Ethics: Pastor Says Tithe Even If You Can’t Met Monthly Expenses

What would you do Wednesday!

This week’s ethics post is inspired by Dave Miller’s recent post The New Testament Standard of Giving at SBC Voices.

A couple from church have been missing for a few Sundays. You wonder where your friends have been so you give them a call one Sunday afternoon.

Your friends tell you that they have been struggling financially and have not been able to give 10% of their gross income; their tithe. They have fallen on financial hard times. The economy is down, the husband took a pay cut, the wife was injured in an accident and is unable to work.

They are $300.00 short every month from being able to pay their tithe. In other words, if they pay their full 10% they will be $300.00 short of paying their bills. So, they’ve stayed home as they struggle trying to figure out if they are in sin for not tithing. They are also debating on finding another church.

You know your pastor is strong on tithing in the church. He preaches that Christian should give 10% of their gross income.

Surely, you think that he would be understanding about this couple’s situation. As a friend, you schedule a lunch with your friends and the pastor – hoping to help counsel them through and ease their worry.

At lunch, the pastor says that despite their circumstances the couple needs to trust God will provide and give their 10%. He tells them if they give that God will provide the extra $300.00. If not, they will continue robbing God and be in sin.

What would you do?

  • Encourage your friends in agreement with the pastor.
  • Disagree with the pastor and challenge him with Scripture.
  • Agree with the pastor, but ask him for some grace.
  • Disagree and tell the pastor you will be finding a new church along with your friends.
  • Ask for full disclosure of all the pastor’s records to make sure he’s paying 10% across the board.
  • Or…



tagged as , in Christianity,Church Issues,Culture

{ 14 comments… read them below or add one }

1 Theodore A Jones February 13, 2013 at 10:47 am

The wolves are in a sheep’s clothing.

2 Bill Mac February 13, 2013 at 11:12 am

Find a new pastor. Seriously, that may be a bit extreme, but his advice is unconscionable.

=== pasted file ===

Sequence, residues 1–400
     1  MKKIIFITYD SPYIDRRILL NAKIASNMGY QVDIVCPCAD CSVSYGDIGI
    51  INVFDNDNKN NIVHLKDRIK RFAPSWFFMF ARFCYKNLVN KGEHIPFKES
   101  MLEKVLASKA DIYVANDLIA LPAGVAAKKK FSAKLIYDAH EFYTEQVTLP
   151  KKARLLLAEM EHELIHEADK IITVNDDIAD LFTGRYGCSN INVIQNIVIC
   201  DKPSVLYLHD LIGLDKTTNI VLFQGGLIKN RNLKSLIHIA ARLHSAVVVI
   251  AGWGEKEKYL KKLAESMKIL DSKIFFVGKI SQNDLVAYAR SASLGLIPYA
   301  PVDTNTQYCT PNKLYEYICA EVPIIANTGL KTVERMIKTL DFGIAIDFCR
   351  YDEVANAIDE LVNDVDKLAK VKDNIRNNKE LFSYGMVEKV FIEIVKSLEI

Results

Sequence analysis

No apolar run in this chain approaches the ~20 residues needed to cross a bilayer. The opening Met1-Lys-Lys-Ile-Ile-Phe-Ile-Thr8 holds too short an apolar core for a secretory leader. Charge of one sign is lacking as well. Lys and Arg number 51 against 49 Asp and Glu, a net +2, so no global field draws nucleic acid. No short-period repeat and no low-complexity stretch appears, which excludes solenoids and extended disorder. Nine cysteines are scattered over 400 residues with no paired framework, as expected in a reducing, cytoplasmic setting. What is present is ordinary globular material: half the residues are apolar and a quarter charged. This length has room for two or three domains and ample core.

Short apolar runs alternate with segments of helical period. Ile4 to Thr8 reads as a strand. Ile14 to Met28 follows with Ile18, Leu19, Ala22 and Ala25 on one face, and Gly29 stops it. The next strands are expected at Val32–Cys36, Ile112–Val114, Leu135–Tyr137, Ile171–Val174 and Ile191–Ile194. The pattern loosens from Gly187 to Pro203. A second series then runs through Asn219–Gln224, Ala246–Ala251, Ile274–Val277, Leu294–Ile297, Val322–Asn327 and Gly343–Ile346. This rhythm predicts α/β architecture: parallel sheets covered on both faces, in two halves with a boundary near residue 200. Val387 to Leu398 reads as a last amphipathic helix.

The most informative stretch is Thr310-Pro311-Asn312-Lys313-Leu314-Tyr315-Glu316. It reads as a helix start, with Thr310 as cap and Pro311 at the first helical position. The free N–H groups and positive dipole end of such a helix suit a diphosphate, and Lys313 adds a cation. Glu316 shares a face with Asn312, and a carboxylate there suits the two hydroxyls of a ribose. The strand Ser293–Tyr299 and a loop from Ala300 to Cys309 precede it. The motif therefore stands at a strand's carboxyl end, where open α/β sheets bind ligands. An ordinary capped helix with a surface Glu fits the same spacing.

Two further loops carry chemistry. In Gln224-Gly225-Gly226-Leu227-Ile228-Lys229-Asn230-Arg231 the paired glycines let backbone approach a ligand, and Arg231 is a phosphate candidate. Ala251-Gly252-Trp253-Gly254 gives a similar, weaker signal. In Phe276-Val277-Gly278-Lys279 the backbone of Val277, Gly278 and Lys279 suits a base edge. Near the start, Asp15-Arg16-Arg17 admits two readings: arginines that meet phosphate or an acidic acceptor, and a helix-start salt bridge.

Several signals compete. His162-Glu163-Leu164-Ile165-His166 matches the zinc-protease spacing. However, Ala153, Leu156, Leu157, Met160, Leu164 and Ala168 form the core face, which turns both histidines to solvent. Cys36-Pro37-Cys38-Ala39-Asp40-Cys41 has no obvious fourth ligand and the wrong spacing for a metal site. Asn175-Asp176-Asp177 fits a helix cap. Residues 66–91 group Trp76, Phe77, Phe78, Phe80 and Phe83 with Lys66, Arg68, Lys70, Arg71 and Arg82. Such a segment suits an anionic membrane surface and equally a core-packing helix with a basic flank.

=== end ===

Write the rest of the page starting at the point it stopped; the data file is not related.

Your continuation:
3 brig February 13, 2013 at 11:16 am

One of the purposes of the tithe was so that everyone could eat and be satisfied — the Levite, the poor, widows, orphans, even outsiders. If a pastor makes more demands of his flock than they can bear, how is that any different than tyranny? If the principle is violated, I think the practice needs to be examined across all Scripture. The one with the power of the deacon who says “God will provide!” is the same as the one who tells the hungry and cold “Be warm! Be fed!”

4 Ajay Pollarine February 13, 2013 at 11:46 am

I’m trying to not make a gross assumption, but as someone who has actually lived so far below the poverty line that eviction was a regular fear, and chosen water staying turned on but not gas because going to the bathroom in four shirts is preferable to not being able to have drink of water, and being forced to eat at places offering free meals and sleep in a car on more than one occasion; I can say I likely have a unique perspective on this particular subject.

I have given to God even when giving made no sense monetarily. I have chosen to throw that 20 bucks I needed for buying enough stuff to make it through the week at work during lunch. I have chosen repeatedly to give God the literal last dollar in my bank.

I can say beyond a shadow of a doubt that the times I did that with a cheerful heart (and yes you can be malnourished and rejoicing) were the times that God most certainly did provide.

But, this is a spiritual discipline, if my friend cannot do it then I’m not going to pressure them to. I am going to say, give what you can cheerfully give and then pray hard to God. The Holy Ghost will make what’s what clear.

The Pastor needs to also recognize his responsibility to encourage joyful and cheerful giving, not make demands that others might not be ready for. Is there a spiritual blessing for those who give beyond what they think they can? Yes. Is every Christian capable of that yet? Not likely. It’s his job to help prepare them for that level, if he’s pushing them past it then he needs to go before God and let the Holy Ghost give him the what for.

5 tithing February 13, 2013 at 4:43 pm

First off, i don’t believe that tithing is commanded in the first place. Even if i did how can one place one evil better than the other? Is it OK to rob God’s left pocket to put it in his right pocket? So how can you justify paying God over paying bills. Are they separable?

6 Mark February 13, 2013 at 5:33 pm

Thanks for the perspectives. Interesting that no one has showed up to agree with the scenario since I did pull it from a real life story.

tithing, I don’t quite understand your comment. What are you referring to as evil?

7 Robert Vaughn February 13, 2013 at 7:04 pm

It is a little hard for me to relate to this question, since I am a pastor and have never preached tithing and never been in a church that strongly advocated tithing. I think my first reaction would be to “Disagree with the pastor and challenge him with Scripture.” Eventually, if he had no grace and no scripture to back up his position, I would move on to “finding a new church.”